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The Lover's Dictionary by David Levithan
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The Lover's Dictionary

by David Levithan

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7907511,626 (3.98)31
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Showing 1-5 of 75 (next | show all)
This book was wonderful. It was a quick read (around 2 hours). It goes through every letter of the alphabet, each letter representing 2 or 3 words that accompany passages describing moments in the life of a couple. There are ups and downs. There is laughter, there are tears. There are loving moments, moments of vulnerability. There are fights, and there are betrayals.
This book offers a series of snapshots, not a complete narrative, which I thought was a completely appropriate way to tell this particular story. Of course I have questions about what happened in between the snapshots, but perhaps that is not for us to know.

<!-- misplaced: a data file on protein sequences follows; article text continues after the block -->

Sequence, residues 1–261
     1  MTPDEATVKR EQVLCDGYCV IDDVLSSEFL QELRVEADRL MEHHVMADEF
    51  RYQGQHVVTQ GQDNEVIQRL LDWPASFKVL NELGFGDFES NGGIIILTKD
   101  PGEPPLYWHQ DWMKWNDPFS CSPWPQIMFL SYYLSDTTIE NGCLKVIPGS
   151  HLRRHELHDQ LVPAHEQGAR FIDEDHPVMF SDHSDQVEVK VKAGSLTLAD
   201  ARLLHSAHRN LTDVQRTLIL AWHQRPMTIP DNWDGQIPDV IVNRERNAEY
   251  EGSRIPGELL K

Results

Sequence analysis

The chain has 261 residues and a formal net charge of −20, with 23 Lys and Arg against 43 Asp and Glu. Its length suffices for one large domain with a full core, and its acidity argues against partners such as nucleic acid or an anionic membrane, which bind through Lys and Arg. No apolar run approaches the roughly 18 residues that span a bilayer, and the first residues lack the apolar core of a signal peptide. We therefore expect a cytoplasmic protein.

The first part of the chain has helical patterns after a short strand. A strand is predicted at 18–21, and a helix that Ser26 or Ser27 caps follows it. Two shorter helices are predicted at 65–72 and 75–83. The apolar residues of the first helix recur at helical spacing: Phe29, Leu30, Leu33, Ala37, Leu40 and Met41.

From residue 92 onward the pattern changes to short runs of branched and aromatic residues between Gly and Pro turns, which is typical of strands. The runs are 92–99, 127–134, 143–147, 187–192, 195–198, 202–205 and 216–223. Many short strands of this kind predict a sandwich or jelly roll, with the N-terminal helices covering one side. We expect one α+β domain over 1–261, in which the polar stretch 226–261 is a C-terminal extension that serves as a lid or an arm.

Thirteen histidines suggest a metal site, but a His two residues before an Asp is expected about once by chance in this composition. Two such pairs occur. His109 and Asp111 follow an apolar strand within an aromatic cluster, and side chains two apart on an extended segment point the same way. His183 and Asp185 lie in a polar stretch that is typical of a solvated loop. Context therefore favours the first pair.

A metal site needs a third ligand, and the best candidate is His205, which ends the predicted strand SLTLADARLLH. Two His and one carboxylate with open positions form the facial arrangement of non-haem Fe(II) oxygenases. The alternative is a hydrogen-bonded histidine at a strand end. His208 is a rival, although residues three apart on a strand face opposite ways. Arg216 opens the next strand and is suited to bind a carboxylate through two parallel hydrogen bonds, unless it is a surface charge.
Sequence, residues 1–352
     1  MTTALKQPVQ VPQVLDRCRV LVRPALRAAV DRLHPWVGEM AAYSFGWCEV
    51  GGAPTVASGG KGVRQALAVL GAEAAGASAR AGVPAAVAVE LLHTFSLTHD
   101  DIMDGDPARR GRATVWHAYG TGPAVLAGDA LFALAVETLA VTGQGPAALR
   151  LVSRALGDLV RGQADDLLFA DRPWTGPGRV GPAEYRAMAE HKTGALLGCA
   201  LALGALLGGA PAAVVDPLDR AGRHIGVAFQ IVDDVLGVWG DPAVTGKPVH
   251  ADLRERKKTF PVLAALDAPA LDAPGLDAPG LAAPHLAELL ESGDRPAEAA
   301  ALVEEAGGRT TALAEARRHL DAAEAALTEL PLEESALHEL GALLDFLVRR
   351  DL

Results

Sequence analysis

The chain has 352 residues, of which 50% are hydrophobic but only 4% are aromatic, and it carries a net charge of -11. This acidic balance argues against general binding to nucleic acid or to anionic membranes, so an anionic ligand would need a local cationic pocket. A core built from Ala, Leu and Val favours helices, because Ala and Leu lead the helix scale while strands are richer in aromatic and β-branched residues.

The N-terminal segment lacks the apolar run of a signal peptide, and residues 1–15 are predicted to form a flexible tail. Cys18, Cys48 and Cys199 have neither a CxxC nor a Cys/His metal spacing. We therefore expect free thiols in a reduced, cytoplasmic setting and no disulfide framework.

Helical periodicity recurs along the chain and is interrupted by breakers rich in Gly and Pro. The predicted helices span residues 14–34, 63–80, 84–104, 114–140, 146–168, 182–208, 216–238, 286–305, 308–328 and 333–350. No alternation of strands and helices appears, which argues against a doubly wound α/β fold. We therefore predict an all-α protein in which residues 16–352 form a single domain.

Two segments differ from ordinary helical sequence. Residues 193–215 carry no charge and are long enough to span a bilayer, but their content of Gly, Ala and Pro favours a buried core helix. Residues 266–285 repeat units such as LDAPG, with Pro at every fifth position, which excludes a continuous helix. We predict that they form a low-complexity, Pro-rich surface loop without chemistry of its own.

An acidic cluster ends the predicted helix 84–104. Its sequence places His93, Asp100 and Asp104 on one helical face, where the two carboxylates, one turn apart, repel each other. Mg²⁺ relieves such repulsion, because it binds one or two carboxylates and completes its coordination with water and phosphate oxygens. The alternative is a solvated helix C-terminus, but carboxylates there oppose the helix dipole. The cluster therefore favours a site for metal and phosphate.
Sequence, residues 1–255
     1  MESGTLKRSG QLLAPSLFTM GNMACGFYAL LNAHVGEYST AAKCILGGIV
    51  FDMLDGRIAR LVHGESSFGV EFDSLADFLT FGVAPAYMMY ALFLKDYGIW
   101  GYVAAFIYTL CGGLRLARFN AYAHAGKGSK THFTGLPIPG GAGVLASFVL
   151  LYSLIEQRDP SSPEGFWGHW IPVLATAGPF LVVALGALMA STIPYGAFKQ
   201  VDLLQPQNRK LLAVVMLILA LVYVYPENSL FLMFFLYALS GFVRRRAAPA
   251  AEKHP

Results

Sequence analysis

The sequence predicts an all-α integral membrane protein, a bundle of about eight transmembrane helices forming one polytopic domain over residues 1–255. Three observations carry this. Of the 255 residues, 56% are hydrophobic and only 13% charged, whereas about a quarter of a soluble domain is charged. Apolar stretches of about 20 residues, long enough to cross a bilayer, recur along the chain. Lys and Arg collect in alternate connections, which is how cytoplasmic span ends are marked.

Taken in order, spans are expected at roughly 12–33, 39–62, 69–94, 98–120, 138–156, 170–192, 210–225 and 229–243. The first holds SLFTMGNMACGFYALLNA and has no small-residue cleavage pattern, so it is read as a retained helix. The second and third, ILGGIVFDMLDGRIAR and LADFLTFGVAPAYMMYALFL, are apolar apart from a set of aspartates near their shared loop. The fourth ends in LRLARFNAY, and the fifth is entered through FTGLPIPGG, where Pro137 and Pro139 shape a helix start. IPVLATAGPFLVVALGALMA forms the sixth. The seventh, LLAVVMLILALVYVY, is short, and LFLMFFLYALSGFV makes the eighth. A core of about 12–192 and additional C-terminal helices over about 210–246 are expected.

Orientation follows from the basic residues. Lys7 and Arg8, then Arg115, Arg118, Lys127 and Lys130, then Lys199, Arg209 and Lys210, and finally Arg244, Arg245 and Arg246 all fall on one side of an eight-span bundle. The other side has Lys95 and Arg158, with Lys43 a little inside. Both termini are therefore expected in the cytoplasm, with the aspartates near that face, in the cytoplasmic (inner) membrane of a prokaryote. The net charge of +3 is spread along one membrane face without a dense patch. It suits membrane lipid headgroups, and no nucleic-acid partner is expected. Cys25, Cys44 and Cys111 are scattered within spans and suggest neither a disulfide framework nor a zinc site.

I highly recommend this book. ( )
  DanielleMD | Jun 20, 2015 |
David Levithan is one of the very few authors I've read who can be completely, wildly creative and yet never feel forced or weird. I always love his writing, and this is definitely one, among many, of his finest books.
My full review is here, on Hot Stuff for Cool People. ( )
  hotforcool | May 31, 2015 |
I loved this book and a want to get to know these people better. Reading this book felt a little like reading a diary a little like reading the dictionary.
Here is a sample:

obstinate, adj.
Sometimes it becomes a contest: Which is more stubborn, the love or the two arguing people caught within it? ( )
  mlake | Apr 28, 2015 |
I really wanted to like this book. I was excited about the idea of this book, and its interesting and different format. But it just did not deliver. It's possible I went in with too many expectations, or was just unable to break out of my own preconceived notions of what this book would be. I was anticipating a story of love, told in chronological order, progressing through the dictionary from beginning to end. What I got instead was a disjointed relationship told in alphabetical order, disregarding timeline. And that would have been fine! It's rare that we are presented a story out of the generally accepted order. But without the typical chronology, all my focus shifted to the entries, and I just really felt that the words and their stories did not meld well most of the time. I gave up about halfway through, because I just could not bring myself to care anymore. ( )